The New Diabetes Formulation Paradigm

The recent trend of developing diabetes-specific products that are mainstream and safe enough for regular consumption could transcend all healthy food and beverage categories.

By Kantha Shelke, Ph.D.

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Polyphenolic compounds called catechins and epicatechins in green tea, thought to protect against heart disease and certain cancers, also are believed to act as insulin sensitizers and perhaps even pancreatic protectants. (The pancreas is the organ responsible for producing insulin, the hormone that regulates glucose.) By delaying glucose absorption, green tea extracts can also mitigate the glycemic load of foods.

Diabetes cover story: Photo of blueberries
The U.S. Highbush Blueberry Council says recent studies suggest anthocyanins - which blueberries have in abundance - may help control blood sugar levels.

Polyphenols from cinnamon have long been believed to improve glucose and lipid status. More recent research indicates cinnamon compounds may prevent insulin resistance. However, the fat-soluble compounds in cinnamon can be harmful at high levels. Integrity Nutraceuticals International, Sarasota, Fla., has licensed and patented a method to extract only the beneficial fractions to create Cinnulin PF. Cinnulin PF may be used for formulating foods and beverages.

Fenugreek, an herb used in Eastern European, Middle Eastern and Indian cuisine, is an excellent source of bioactive phytochemicals for managing glucose. Fenugreek contains a free amino acid, 4-hydroxyisoleucine, which stimulates insulin secretion and limits the elevation of glucose in the blood. It also is rich in galactomannans, soluble fibers that can significantly reduce postprandial glucose levels.

The major issue with incorporating fenugreek in formulations is its strong aroma. Acatris Inc., Minneapolis, has developed a process for an odor-free fenugreek extract called Fenulife. In addition to helping regulate insulin, Fenulife includes the galactomannans that form a viscous gel. In the gastrointestinal tract, the gel can help slow the absorption of sugar.

According to the U.S. Highbush Blueberry Council, San Francisco, recent studies reveal that cells that normally produce insulin secreted more of the hormone in the presence of anthocyanins, the flavonoid pigments that provide the red, blue or purple color to foods such as blueberries, strawberries and cherries. The data suggest anthocyanins may help control blood sugar levels. Blueberries are particularly high in anthocyanins.

A plant that is less familiar to westerners but showing great promise in this area is the bitter melon. Popular in Asian cooking, the chartreuse squash possesses an active, blood sugar-lowering property in the form of an alkaloid called charantin. The plant also contains insulinlike peptides, such as polypeptide P. Several companies have developed extracts of the plant for food and beverage use.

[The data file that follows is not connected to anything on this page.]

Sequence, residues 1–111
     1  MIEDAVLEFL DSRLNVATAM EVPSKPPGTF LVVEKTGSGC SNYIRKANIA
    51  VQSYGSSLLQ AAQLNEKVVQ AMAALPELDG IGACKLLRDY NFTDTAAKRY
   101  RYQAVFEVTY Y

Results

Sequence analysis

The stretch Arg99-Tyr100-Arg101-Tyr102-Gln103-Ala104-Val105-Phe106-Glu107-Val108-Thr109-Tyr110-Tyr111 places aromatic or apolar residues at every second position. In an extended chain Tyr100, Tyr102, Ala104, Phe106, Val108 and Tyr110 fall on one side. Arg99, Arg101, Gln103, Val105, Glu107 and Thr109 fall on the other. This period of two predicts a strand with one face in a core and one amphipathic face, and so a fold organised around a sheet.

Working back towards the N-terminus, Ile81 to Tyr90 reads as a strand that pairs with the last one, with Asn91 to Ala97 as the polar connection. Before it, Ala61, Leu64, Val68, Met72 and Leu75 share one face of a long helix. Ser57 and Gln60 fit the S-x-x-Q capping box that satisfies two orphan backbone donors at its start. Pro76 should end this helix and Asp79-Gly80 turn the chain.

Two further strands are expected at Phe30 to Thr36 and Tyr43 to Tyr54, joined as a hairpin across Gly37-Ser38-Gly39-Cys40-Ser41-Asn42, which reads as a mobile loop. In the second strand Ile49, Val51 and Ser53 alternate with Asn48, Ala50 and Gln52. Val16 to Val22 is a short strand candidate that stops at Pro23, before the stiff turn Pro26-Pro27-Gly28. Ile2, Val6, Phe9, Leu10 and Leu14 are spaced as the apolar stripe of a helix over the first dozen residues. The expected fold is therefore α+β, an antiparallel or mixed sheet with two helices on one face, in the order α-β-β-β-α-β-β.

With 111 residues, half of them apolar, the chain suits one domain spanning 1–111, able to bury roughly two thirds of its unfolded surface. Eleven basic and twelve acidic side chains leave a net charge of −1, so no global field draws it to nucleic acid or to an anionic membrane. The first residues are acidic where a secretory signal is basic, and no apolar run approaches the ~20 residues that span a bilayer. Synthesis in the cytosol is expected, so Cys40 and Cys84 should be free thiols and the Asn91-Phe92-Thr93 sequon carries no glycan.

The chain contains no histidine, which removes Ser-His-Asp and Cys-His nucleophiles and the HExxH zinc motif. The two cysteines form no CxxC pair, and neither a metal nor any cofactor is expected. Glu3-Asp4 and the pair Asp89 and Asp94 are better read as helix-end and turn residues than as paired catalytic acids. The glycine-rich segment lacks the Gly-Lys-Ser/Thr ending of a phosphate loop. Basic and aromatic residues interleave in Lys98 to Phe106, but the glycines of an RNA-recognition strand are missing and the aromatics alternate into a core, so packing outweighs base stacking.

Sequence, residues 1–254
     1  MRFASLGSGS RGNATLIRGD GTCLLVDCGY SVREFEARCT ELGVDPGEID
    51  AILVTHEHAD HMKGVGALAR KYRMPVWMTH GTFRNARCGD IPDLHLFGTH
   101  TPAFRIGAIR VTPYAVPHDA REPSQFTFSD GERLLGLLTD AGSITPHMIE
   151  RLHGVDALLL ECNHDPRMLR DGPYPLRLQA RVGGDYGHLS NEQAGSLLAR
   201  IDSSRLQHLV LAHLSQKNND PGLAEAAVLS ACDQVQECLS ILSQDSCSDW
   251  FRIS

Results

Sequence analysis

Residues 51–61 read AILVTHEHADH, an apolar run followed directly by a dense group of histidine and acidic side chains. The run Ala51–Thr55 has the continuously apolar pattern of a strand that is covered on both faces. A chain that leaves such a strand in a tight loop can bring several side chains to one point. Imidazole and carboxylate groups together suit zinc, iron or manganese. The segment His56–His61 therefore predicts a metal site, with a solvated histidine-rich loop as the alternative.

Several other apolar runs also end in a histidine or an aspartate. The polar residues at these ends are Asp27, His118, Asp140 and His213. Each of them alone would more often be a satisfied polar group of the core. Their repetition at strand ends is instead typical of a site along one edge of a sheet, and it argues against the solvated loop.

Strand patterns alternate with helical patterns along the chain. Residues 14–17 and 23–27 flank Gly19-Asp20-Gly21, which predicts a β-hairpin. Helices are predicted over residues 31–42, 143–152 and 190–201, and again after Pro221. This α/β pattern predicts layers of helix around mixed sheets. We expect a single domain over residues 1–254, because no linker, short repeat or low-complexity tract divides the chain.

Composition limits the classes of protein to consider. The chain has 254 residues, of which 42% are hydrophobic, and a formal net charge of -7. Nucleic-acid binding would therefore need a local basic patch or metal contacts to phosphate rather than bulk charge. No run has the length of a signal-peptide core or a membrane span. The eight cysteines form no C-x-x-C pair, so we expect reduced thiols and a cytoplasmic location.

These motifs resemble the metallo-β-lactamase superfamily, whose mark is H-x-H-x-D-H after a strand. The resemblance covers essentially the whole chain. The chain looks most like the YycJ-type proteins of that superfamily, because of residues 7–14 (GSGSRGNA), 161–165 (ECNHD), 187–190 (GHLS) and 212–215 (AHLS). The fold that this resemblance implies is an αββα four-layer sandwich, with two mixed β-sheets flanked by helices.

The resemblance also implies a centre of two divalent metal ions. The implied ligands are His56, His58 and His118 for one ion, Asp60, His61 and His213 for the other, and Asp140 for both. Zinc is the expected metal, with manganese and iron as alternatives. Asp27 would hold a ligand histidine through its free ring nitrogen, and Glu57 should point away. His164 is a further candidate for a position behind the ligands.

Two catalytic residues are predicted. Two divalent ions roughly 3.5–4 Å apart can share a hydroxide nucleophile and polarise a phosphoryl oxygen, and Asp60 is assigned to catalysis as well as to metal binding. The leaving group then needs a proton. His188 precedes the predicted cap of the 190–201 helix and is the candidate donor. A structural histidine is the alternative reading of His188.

Well Oiled

DSM Nutritional Products, Parsippany, N.J., engineered fractionates of palm and oat oil into Fabuless, an emulsion clinically proven to lower calorie metabolism by delaying digestion. It is also believed to help the body suppress hunger signals. In addition, Degussa Bioactives, Waukesha, Wis., has a novel alpha-lipoic acid (ALA) formulation for use in foods. ALA plays an important role in the body in maintaining healthy antioxidant levels but it recently attracted attention by demonstrating a positive effect on blood glucose levels. Improved insulin sensitivity has been reported with doses of 600mg/day in individuals with type 2 diabetes.

In the past, formulating foods with ALA was severely limited because of its low stability in shear and heat and its irritating effect on the throat. However, microencapsulation with alpha-cyclodextrin allows for foods to be fortified with alpha-lipoic acid while improving shelf life and flavor. BI Neutraceuticals, Long Beach, Calif., took a different approach to the stability problems with ALA. The result is K-RALA (potassium-R-lipoate), a heat-stable, nonhygroscopic, and nonpolymeric potassium salt of R-lipoic acid. ALA is now GRAS (generally recognized as safe).

While foods marketed to individuals with diabetes clearly offer the promise of higher margins, companies looking at mainstream rather than niche markets should bear in mind that consumers without a diagnosed medical problem are unlikely to pay a premium to manage their glucose metabolism. This is a great opportunity for food companies to step in with functional formulation solutions viable for the population at risk while appealing to the entire population as well.

Rising GI Levels

Although health experts disagree over the principle of marketing foods labeled as "low-glycemic index" to persons without diabetes, low-GI products are certainly on marketers' radar screens. Todd Hale, senior vice president of consumer and shopper insights for ACNielsen, Chicago, predicts "a continued rise in consumer demand for low-GI products in the coming year." He cautions, "Manufacturers need to be paying close attention to this segment."

In 2005, low-GI products were a strong category, growing by almost 50 percent over the prior year by those considered "health neglectors," as identified by ACNielsen data and Spectra segmentation. Hale prognosticates, "This year, expect a surge in food and beverages touting low-glycemic index claims."

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